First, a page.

The Centers for Disease Control and Prevention defines dating abuse as violent and controlling behavior in a romantic relationship. Potential victims are often unaware of the signs that can indicate abuse. Other victims may think it is normal behavior or that they are the ones at fault. The CDC believes the secret to preventing dating abuse is to stop it from starting in the first place. Consider various things when dating to ensure all your relationships will be healthy.
Learn everything you can about the person you are dating. Ask him about his education, his friends and family and if he is employed. It is natural to want to know all about someone you are considering dating, so do not feel guilty about asking questions. If you have just met the person, ask him for his number so you can meet up with him another time. Never go home with someone you do not know.
Arrange to go out together as part of a double date or with a group of friends. If you plan to go out alone with your date, inform family or friends where you are going and the name of the person you are dating. Always be prepared by taking a cell phone or loose change should you need to make a phone call, advises the National Center for Victims of Crime.
Educate yourself on the signs of dating abuse. Learning about the signs of dating abuse will make them easier to spot. Both men and women perpetrate many different forms of abuse. Do not think dating abuse is limited to physical violence; emotional and sexual abuse are also common. Imagine what you would do in potentially abusive situations; being able to problem solve is one skill than can help you avoid becoming a victim.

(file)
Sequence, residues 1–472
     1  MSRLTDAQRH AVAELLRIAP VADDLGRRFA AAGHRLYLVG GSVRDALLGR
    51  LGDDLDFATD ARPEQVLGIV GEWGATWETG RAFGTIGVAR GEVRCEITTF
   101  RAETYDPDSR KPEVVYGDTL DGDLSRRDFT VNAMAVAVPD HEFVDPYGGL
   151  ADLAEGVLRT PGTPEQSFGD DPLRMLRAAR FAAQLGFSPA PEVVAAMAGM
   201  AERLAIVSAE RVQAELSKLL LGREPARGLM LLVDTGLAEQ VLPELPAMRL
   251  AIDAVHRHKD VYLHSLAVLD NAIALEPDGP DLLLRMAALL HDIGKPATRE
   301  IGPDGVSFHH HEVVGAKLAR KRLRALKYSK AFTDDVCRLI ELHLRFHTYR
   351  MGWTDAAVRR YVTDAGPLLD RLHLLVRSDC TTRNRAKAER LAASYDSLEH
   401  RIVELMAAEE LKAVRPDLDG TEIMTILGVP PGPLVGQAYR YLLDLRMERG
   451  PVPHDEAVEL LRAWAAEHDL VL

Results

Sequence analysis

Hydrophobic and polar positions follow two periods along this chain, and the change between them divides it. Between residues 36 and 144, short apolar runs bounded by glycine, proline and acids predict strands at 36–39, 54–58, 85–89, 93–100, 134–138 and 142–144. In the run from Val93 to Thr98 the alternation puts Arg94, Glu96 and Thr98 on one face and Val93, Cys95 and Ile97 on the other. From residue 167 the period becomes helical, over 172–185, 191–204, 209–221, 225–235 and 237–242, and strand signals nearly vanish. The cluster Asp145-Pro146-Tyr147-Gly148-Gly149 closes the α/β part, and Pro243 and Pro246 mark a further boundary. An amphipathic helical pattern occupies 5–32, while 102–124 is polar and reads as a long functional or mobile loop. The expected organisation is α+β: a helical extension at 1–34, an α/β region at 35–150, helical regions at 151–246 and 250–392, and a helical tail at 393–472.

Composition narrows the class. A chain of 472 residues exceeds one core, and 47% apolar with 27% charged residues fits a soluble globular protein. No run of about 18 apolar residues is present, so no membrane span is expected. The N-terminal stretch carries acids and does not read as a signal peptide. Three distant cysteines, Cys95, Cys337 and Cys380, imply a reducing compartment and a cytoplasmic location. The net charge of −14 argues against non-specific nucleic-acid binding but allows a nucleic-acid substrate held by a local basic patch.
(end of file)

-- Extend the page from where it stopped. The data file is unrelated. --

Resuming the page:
Do not drink alcohol on a date with someone you do not know very well. Alcohol loosens your inhibitions and can affect your judgment. Never accept drinks from a stranger, as he could spike your drink with drugs. Perpetrators often get a victim drunk or spike their drink with a date rape drug, allowing them to take advantage while leaving the victim with little recollection of events, says the Colorado Anti-Violence Program.
Talk to someone you trust if you believe you are a victim of dating abuse. Talk to a family member, close friend or school counselor. Call an emergency crisis helpline if you would prefer to talk to someone anonymously. Telling someone is a step towards stopping the abuse and receiving the help you need.
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- "Love: Building Healthy Relationships"; Peter Scazzero; 2001
- couple arguing image by Luisafer from Fotolia.com